COLOMBO, Sri Lanka — Sri Lankan fighter jets bombed a secret rebel communications center early Friday, killing the Tamil Tigers’ political chief and five others in a strike certain to deal a sharp blow to the guerrillas’ morale.
The killing of S.P. Tamilselvan, who acted as the public face of the rebels, was widely seen as a public relations coup for the government. But analysts feared it would further escalate the more than two-decade-old civil war and spark a cycle of political assassinations across this Indian Ocean island nation.
“This is a message that we know their leaders’ location,” Defense Secretary Gotabhaya Rajapaksa told The Associated Press. “This confirms that our information is very accurate.”
Hours after the attack, the Tigers named the police chief of their de facto state as Tamilselvan’s replacement. The rebels announced in an e-mail that P. Nadesan, who was a delegate to earlier peace talks, would take over as head of their political wing.
The 6 a.m. airstrike blasted a compound deep inside rebel-held territory in northern Sri Lanka used as a communications center with Tamil sympathizers abroad, who contribute funds and arms to the separatists, said air force spokesman Group Capt. Ajantha Silva.
Hours later, the Tamil Tigers sent an e-mail to journalists announcing, “with deep sorrow,” that Tamilselvan had been killed in the attack. Rebel spokesmen did not answer repeated phone calls throughout the day seeking further comment.
Link to the outside world
With secretive Tamil Tiger leader Velupillai Prabhakaran almost never seen publicly in recent years, the mustachioed Tamilselvan, assumed by some to be the group’s second in command, had become the rebel leadership’s link to the outside world.
He regularly held talks with peace envoys and diplomats, met with foreign humanitarian workers and gave interviews to the few international journalists allowed by the government to cross into rebel-held territory in the north. He led the group’s delegation at failed peace talks in Geneva last year.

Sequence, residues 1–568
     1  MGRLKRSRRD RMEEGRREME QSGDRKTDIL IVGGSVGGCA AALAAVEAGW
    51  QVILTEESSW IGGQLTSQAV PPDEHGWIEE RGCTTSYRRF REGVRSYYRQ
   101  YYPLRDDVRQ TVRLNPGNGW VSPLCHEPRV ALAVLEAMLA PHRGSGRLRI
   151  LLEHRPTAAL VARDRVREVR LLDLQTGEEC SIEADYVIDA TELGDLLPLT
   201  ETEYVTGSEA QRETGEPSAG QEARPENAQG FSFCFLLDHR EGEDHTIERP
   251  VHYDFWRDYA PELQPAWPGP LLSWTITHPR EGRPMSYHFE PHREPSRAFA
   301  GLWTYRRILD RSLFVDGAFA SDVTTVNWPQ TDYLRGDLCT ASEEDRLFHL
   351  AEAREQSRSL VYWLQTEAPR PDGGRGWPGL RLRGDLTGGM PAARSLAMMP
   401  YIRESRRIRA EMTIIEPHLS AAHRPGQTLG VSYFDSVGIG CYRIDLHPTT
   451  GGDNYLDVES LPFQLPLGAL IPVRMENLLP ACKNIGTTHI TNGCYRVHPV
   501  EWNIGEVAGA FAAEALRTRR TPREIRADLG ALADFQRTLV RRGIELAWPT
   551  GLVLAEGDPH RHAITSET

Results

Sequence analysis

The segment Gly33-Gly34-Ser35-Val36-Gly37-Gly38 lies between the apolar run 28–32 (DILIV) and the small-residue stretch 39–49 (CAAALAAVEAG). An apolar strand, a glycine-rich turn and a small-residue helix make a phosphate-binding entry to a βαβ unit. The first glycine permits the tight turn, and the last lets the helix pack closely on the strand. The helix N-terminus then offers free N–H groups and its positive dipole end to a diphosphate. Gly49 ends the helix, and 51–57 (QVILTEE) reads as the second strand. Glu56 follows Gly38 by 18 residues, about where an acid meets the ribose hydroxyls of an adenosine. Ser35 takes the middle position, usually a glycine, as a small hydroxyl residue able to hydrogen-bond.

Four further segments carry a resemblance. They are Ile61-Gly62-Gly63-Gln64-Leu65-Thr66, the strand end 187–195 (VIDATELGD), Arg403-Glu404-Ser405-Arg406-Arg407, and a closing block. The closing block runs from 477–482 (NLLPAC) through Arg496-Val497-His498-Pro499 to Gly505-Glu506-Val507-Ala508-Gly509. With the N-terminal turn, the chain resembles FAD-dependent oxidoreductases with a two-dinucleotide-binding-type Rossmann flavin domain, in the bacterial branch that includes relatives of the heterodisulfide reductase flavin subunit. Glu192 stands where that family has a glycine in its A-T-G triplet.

Once a top fighter in the rebel force, Tamilselvan was injured in battle and forced to walk with a cane. Despite heading the Tamil Tigers’ political wing, he remained a brigadier, the highest rank for a Tamil Tiger, which is listed as a terror group by the U.S. and European Union.
In an interview with The Associated Press in July, he promised the rebels, known formally as the Liberation Tigers of Tamil Eelam, would retaliate for the army’s capture of eastern Sri Lanka days before.
“(We will) weaken the military capacity of the government of Sri Lanka, which will invariably end up hitting economic targets as well,” he said.
More than 70,000 killed in violence
The rebels have been fighting since 1983 to create an independent homeland for ethnic minority Tamils, following decades of discrimination by the majority Sinhalese-controlled governments. More than 70,000 have been killed in the fighting.
Fighting between the two sides has escalated in recent weeks as government officials hinted they were preparing an offensive to capture the north and crush the rebels.
Tamilselvan’s death will not change the military balance in the war, but it gives the government an important political victory, said Jehan Perera, of Sri Lanka’s National Peace Council think tank.
“The government will be able to rally more people around it saying it is weakening the LTTE, because the popular belief is that Tamilselvan is a very powerful leader,” he said.
The attack is especially painful for the rebels, because it showed their inability to protect one of their top leaders, he said.
“Now they will retaliate at a very high level,” he said.
Five other leaders also killed
The airstrike Friday killed five other Tamil Tiger leaders, including a man the rebels identified as Lt. Col. Anpumani, also known as Alex, whom the military said was in charge of the communications center and was a key link to the Tamil diaspora.
The strike came less than two weeks after a team of Tamil Tiger suicide attackers infiltrated a Sri Lankan air force base, killed 14 troops and destroyed eight planes before being killed, an attack that badly humiliated the military.
Retired Air Marshall Harry Goonetilleke, a military analyst, said the timing of Friday’s strike made it appear to be retaliation for that attack.
“Now both sides may go for tit-for-tat attacks, and it’s not going to be helpful,” he said.
In a separate attack Friday, Sri Lankan jets pounded a camp belonging to the Black Tigers, the rebel group’s suicide fighters, in Iranamadu in the rebel-held Kilinochchi district, Silva said.
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